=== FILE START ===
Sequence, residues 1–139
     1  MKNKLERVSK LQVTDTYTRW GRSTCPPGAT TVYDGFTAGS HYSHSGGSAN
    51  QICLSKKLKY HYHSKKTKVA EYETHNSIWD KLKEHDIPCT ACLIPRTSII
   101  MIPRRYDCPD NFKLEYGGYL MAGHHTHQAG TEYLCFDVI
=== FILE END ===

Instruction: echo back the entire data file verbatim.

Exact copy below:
Sequence, residues 1–139
     1  MKNKLERVSK LQVTDTYTRW GRSTCPPGAT TVYDGFTAGS HYSHSGGSAN
    51  QICLSKKLKY HYHSKKTKVA EYETHNSIWD KLKEHDIPCT ACLIPRTSII
   101  MIPRRYDCPD NFKLEYGGYL MAGHHTHQAG TEYLCFDVI